|Saving What Remains|
One of the most essential parts of saving the world's rainforests is keeping an open line of communication between all parties. Communication from all parties, including indigenous peoples, local populations, business interests, governments, scientists, and conservationists, is key to understanding how to best approach balancing conservation with development. The information gained from conferences can be used to help devise a plan that will be acceptable to all parties. No group should be excluded or misrepresented and every effort should be made to keep conferences open and non-threatening. Conferences should meet regularly and have some legislative muscle so that decisions can be implemented. So far no such ideal conference has taken place, but in all fairness the whole rainforest conservation issue is relatively recent as a worldwide concept.
The conferences that have met to date have brought up important issues, but their decisions tend to lack power and usually go unimplemented. The largest environmental conference took place in Rio de Janerio in 1992 and was host to some 100 heads of state, the largest gathering of such officials ever.
Since Rio, there have been countless small conferences which have discussed environmental issues. In June of 1995 the World Commission on Forests and Sustainable Development (WCFSD) met in Kalimantan (Indonesian Borneo), aiming to raise the level of understanding of rainforests' dual role in preserving natural environment and contributing to sustainable development. The conference recognized the need for policy reform together with renewed efforts to enforce existing regulations to stop deforestation. It promised more local community involvement in forest conservation and management and placed special emphasis on reconciling conflicts between factions with different views on forest use. The conference discussed better definition of land titles for local communities and various financial mechanisms for ensuring more equal distribution of forests' benefits and revenues. This conference serves as an example of what conservation conferences propose and how little things actually change afterwards.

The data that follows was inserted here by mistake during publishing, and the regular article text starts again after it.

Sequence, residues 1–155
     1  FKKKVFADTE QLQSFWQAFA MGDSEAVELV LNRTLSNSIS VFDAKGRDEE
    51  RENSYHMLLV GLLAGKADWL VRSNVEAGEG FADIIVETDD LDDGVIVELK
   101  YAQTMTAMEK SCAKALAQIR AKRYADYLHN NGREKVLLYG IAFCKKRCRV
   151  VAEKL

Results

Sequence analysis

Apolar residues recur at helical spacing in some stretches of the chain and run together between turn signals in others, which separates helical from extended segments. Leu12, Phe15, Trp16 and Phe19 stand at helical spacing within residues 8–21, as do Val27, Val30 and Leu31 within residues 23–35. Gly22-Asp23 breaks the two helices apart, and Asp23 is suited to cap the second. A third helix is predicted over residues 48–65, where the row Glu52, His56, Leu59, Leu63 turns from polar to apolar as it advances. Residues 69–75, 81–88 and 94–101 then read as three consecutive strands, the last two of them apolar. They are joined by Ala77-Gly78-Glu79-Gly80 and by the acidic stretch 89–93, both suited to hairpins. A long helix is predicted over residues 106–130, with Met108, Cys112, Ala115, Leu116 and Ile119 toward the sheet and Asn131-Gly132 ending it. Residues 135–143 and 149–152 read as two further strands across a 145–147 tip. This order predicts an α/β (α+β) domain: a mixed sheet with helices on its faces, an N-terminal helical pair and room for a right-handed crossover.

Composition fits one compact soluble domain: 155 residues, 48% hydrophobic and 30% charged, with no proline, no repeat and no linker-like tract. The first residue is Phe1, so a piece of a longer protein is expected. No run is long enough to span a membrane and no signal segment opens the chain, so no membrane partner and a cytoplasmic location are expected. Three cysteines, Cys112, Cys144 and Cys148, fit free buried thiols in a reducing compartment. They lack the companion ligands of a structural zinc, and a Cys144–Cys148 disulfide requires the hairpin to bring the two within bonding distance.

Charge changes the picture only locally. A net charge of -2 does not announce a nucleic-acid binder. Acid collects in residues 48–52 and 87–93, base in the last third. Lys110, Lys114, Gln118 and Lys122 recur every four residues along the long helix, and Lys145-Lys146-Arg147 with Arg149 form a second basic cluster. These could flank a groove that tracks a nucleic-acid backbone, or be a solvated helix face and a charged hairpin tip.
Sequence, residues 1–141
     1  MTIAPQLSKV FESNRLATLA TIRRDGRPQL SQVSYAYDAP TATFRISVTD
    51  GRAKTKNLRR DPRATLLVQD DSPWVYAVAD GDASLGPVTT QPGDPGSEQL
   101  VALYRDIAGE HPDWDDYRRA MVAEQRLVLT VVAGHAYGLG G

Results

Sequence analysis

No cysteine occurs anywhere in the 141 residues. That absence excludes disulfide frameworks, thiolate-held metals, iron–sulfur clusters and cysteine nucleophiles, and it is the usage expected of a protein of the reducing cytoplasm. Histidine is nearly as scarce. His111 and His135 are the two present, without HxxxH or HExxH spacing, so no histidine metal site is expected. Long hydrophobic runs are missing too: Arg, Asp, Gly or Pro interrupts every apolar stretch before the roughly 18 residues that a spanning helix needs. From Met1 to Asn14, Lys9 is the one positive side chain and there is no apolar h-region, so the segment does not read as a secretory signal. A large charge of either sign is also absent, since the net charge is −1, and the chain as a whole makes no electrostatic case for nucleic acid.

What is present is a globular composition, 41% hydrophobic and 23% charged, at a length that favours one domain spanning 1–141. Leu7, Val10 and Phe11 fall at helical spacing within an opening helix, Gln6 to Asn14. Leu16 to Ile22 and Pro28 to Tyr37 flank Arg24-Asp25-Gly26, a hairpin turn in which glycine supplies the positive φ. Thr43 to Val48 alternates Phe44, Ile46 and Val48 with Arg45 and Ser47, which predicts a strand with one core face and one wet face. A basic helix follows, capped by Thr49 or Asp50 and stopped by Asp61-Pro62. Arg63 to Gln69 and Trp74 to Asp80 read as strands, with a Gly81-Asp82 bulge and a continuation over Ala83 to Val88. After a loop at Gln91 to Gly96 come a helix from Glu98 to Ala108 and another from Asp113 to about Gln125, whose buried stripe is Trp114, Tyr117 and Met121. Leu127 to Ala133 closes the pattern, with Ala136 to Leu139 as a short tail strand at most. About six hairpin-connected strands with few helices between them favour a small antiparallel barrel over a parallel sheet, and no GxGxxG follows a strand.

Education is one of the most important ingredients in saving the rainforests. Unfortunately, education is not a high priority in many countries with tropical rainforests. When there are schools, conservation subjects are rarely taught.
Education can teach the next generation lessons not learned in the past: that rainforests are worth saving. With this information, children will be more aware of the problems they may face in the future when they become leaders.
What the individual can do
Support sustainably harvested forest products like nuts and natural dyes and the organizations that provide these goods. Without consumer demand, these products will not be supplied.
Always try to reduce power and water usage. Americans use more resources per capita than any other group of people on earth. Much of the electricity we use is fueled by the combustion of fossil fuels which add to global warming. Recycle and reuse as many materials as possible.
Many conservation and consumer groups maintain that lack of information is one of the greatest hindrances to eco-friendly consumption. Stay informed and be aware of newly threatened areas and new developments in conservation methods, along with campaigns against forest destroyers. Numerous resources exist on the internet and in print.
If you have the ability to travel abroad, practice eco-tourism and support only environmentally friendly travel in areas that are environmentally sensitive. Just because a tour is advertised as "eco-tourism" it does not mean that it is environmentally sound. Ask around and try to find those operators who are legitimate. When traveling, try to be a responsible tourist and respect local customs.
Discourage the killing of endangered animals and rainforest species by refusing to buy products made up of or containing such parts. Gently remind locals that it is illegal to kill such animals and say that you would rather see the colorful macaws flying in the sky than having their feathers on your souvenir.
Write to your government representatives and let them know how your feel about environmental issues. Express your concern for the future of tropical rainforests.
Join a biodiversity conservation group or rainforest organization and support campaigns and boycotts against companies responsible for reckless deforestation. If you resolve never to purchase goods from one of these firms, the company loses tens of thousands of dollars of potential revenue over the course of a life time.
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Copyright Rhett Butler 1994-2005